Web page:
Located at Carmen town, the ziplines at CHAP make use of unusual props, like bicycles and surf boards. On the ground, visitors to the park can enjoy activities like wall climbing, Zorb-ball rolling, and hitting the hiking trails. CHAP tries to be a one-stop shop for its visitors, with their own view deck overlooking the hills and a comprehensive Filipino food buffet.
Entrance to CHAP costs 60 pesos (about $1.20), with individual fares for each of the rides and activities within.
Ride an All-Terrain Vehicle
For a more energetic activity around the location, nothing beats zipping on trails between the hills on an all-terrain vehicle (ATV). Several ATV providers oblige adventure-minded tourists by renting out one- and two-passenger ATVs in 30-minute and one-hour increments. Packages include a guide, who will lead you through one of a number of suggested trails.
ATV rentals cost up to 950 pesos ($19) per hour on their one-seaters, and up to 1,500 pesos ($30) per hour on their two-seaters. ATV providers in Bohol include Graham ATV Rental, Sotera’s ATV Rides, and Chocolate Hills ATV Rental.
How to Get to the Chocolate Hills
Bohol is accessible via air and sea links from Manila and nearby Cebu. (For specific travel methods, read our guide on how to get from Manila to Bohol).
When in the capital of Tagbilaran, go to the Integrated Bus Terminal in Dao and ride a bus or jeepney headed for Carmen. The Chocolate Hills observation deck is 30 miles away from Tagbilaran, which will take about 1.5 to two hours to get there. Tell the driver to stop at the Chocolate Hills complex.
From the road entrance, you can choose to walk 10 minutes up the winding road to the viewing deck, or take on one of the independent motorcycle guides to explore the hills at ground level before getting dropped off at the view deck. These guides charge 300 pesos for an hour’s tour.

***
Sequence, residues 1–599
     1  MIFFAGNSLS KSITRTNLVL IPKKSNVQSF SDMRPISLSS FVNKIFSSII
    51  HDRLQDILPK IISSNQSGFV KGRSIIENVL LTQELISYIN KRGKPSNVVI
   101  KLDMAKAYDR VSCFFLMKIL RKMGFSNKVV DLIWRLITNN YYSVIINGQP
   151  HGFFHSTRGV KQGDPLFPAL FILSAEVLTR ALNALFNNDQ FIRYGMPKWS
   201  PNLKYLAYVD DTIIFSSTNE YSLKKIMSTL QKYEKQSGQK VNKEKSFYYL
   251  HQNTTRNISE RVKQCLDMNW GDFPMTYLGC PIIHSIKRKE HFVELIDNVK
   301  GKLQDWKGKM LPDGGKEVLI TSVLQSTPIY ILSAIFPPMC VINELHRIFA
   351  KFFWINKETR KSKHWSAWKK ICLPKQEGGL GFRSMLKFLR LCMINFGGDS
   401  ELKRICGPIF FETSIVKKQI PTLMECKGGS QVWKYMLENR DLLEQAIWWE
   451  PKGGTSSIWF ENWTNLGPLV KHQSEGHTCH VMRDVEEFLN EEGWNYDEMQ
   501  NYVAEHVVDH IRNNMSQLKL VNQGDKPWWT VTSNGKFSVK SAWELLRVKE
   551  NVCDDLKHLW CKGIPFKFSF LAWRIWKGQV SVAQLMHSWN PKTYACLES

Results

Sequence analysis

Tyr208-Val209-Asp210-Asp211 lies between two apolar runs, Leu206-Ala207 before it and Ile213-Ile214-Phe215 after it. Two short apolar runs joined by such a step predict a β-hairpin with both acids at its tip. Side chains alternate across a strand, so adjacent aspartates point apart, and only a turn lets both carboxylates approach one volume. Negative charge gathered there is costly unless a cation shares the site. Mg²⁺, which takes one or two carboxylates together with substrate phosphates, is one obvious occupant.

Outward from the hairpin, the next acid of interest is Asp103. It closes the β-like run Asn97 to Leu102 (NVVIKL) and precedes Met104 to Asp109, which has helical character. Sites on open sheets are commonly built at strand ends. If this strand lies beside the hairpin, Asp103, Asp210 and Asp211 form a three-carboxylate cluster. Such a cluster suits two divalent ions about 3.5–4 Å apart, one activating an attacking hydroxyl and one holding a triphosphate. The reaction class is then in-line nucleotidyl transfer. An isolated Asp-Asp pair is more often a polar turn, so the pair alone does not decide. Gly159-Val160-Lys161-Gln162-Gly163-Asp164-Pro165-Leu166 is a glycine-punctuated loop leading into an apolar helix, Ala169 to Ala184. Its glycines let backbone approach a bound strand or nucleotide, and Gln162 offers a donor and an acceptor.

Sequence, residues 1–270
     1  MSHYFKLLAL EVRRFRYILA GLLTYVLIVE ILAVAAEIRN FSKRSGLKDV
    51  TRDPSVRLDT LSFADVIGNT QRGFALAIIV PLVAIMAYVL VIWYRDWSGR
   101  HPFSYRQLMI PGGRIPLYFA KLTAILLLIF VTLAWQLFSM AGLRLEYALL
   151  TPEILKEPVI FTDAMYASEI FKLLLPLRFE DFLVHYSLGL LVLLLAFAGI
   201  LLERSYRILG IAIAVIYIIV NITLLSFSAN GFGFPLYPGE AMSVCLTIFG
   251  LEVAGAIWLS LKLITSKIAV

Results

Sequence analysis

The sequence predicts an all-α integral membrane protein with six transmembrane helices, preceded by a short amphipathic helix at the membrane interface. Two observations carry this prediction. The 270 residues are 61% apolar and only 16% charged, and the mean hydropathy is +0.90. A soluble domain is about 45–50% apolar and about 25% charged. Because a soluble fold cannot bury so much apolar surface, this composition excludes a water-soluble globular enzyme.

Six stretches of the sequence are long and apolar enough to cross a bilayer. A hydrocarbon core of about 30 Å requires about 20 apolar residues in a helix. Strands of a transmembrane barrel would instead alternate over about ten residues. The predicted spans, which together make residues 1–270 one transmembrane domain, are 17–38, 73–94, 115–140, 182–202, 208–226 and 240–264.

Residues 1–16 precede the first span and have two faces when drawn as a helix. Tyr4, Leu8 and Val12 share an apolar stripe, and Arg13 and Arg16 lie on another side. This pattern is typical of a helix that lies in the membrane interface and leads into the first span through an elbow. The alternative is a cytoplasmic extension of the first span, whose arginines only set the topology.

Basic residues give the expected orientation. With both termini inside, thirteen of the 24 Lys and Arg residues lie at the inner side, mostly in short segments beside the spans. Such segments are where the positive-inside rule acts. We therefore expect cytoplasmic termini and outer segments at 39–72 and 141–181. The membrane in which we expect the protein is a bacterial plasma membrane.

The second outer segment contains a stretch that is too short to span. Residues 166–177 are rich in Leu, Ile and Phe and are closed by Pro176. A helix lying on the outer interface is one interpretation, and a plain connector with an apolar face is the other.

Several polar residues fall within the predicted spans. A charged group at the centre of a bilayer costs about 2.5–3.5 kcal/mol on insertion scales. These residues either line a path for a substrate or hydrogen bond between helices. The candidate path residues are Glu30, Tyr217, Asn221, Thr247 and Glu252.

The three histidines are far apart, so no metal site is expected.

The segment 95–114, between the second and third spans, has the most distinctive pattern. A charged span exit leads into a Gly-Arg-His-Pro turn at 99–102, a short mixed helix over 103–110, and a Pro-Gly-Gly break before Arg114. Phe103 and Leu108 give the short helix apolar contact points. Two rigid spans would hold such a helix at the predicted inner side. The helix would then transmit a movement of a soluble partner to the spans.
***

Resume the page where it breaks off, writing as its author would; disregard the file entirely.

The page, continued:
To get back to Tagbilaran, ride a bus heading to the city. If you miss the last bus at 4 p.m., you might want to risk hiring the habal-habal (motorcycle taxis).
If you prefer to see the Chocolate Hills from Sagbayan Peak, hire a Sagbayan-bound taxi, bus, or v-hire (van for rent) at Tagbilaran City and ask to be dropped off at Sagbayan town. From there, ride a habal-habal to Sagbayan Peak.
Where to Stay Near the Chocolate Hills
Its inland location in Bohol makes the Chocolate Hills a long trip for anyone traveling from the island of Panglao. Even the Bohol capital of Tagbilaran is a good hour’s drive away. Both Panglao and Tagbilaran have their own collection of low- to high-end accommodations, but if you’re looking for a place to sleep near the Chocolate Hills, you’ll have to stay in the nearby town of Carmen.
Accommodations in Carmen favor backpackers and glam-packers; none of them rank too highly where creature comforts are concerned, but are awesomely cheap and offer their own down-home charm. Three options stand out:
- Villa del Carmen: This B&B in a three-story wooden house has comfy common areas, including a spacious living room with free WiFi.
- Banlasan Lodge: Equipped with its own swimming pool, Banlasan Lodge is Carmen’s top boutique choice, though they also have air-conditioned rooms for less than $12 a night. The Lodge also rents out scooters for visitors who want to explore the area on their own.
- Acacia Glamping Park: This facility lets you enjoy the camping life near the Chocolate Hills without giving up too many comforts. Guests stay in pre-made canvas tents, but can have breakfast at the nearby pavilion in the morning.
Nase Jame. "Karst evolution and social history of Bohol Island, Philippines." January 1997.